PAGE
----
The other day, I wrote an article about what a trauma bond is and how to free yourself from one. In order to avoid reductionist definitions, this article is going to focus on what it felt like being in a trauma bond; if you need further understanding of trauma bonds and what they look like, read my article for an in-depth explanation:
How to Free Yourself from a Trauma Bond
Exploring the unhealthy attachment between abusers and abuse victims
Once I familiarized myself with trauma bonds, what they are, how they form, and how to break them, I began looking back on my life and experience with my trauma bond. I began exploring childhood memories of my relationship with my mother, who was the person I developed a trauma bond with.
While I can’t pinpoint the exact date when it all started, I can say that by the time I was in fourth grade in elementary school, I had crippling anxiety that I know was caused by my abusive upbringing. My anxiety was also about my mother.
I was always scared about how my father would treat her and would end up walking into my parents’ room just to see her crying. She would tell me everything that was going on. And when she wasn’t sitting in her room watching television, she was sleeping. It was my main priority to take care of her, particularly emotionally, but also coaching her through decision making, such as whether or not she should divorce my father.
As time went on and I should have been hanging out with friends and developing my own social life, I scurried home from school to make sure that she was all right. She had told me several times by middle school that if it weren’t for me, she would have killed herself. Or that I was the reason she was alive.
Any time I needed emotional support, I was ignored or it became a lecture on what I was doing or wanted to do was inherently wrong. The only right I could do was remain trapped in my bedroom all day, foregoing any chance of a social life.
I felt trapped and disassociated probably every day just to cope with the sheer amount of emotional neglect and emotional incest that was happening. I was her counselor, her decision-maker, the emotional-laborer, the mini-wife. And if I disobeyed or wanted to do something age appropriate and form friendships, there was always something wrong. She never approved of any of my friends from my elementary years onward. And she would say anything to drive a wedge between me and anyone else. She would also make sure that my confidence was not securely rooted in myself.
The only right thing I could do was be un-needing and the constant presence that comforted her in the midst of her depression. Any time we parted, I got anxious. I needed her in my life to feel calm. What if she killed herself and it was my fault? Who was going to protect her from my father?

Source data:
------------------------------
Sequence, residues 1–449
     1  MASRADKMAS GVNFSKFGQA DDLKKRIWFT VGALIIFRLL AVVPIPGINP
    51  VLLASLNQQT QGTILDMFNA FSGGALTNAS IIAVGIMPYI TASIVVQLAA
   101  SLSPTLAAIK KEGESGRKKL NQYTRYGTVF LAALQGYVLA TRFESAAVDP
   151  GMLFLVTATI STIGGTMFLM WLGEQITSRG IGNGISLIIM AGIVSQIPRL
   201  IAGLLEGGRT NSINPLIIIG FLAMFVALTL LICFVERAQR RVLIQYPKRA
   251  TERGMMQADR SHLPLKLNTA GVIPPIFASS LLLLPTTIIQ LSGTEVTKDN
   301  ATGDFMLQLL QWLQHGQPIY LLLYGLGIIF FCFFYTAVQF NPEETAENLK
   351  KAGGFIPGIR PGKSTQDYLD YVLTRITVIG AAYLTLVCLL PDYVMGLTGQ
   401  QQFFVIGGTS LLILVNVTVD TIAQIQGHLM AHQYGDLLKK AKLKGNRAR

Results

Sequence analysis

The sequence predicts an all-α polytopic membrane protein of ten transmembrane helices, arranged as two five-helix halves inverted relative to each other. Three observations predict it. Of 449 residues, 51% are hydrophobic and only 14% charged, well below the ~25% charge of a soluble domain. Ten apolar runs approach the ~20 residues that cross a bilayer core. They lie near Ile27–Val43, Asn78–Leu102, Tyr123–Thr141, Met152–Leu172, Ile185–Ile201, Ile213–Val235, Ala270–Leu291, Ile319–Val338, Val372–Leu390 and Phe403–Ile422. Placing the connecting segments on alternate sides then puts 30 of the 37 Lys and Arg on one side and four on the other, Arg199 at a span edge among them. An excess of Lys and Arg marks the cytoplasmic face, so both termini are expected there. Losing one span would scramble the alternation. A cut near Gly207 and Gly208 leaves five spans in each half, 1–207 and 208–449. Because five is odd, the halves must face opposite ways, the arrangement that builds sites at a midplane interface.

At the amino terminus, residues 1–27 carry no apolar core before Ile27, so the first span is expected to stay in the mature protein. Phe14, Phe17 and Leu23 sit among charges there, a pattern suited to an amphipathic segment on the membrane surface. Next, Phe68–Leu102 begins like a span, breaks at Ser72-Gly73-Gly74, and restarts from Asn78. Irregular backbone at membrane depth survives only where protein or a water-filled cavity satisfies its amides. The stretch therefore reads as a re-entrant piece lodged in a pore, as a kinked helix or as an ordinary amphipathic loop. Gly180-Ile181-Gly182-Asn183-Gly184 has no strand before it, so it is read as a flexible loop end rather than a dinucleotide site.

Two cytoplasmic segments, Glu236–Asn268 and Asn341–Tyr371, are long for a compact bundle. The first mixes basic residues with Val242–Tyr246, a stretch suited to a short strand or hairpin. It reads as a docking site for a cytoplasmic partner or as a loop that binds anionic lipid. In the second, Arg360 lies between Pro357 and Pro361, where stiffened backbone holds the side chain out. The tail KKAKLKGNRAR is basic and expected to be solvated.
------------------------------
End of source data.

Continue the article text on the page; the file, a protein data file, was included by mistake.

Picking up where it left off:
My adolescence felt like a dissociative nightmare. I cried myself to sleep every night for a year in high school; I denied my own wants and needs. I no longer ate much at all; I stayed up late at night because that was the only time I found peace. Lack of food, lack of sleep, making sure I poured myself into my studies, isolation, being my mother’s confidant, and neglect was how I lived out my days.
I had never gotten to understand who I was as a person during that time. What were my likes and dislikes? I was afraid of everything. I didn’t go out and do new experiences because if I died, I was effectively killing her — she’d commit suicide. So I stayed in my room day after day, I stayed in that house day after day. My identity was counselor and protector, the good daughter. I defined myself by my role and through her, that was it.
Going away to college was a nightmare. I panicked and had anxiety attacks because I would be leaving her alone with my father. I begged him not to hurt her. But I diligently came home on the weekends where, instead of making plans with friends, I supported her.
When my parents divorced, I slowly stopped going to stay with her on the weekends. Now in my early twenties, I’d recognized a new type of freedom and started enjoying my weekends on campus. Everything died down and it felt peaceful, something that I noticed driving back and fourth on the weekend just didn’t.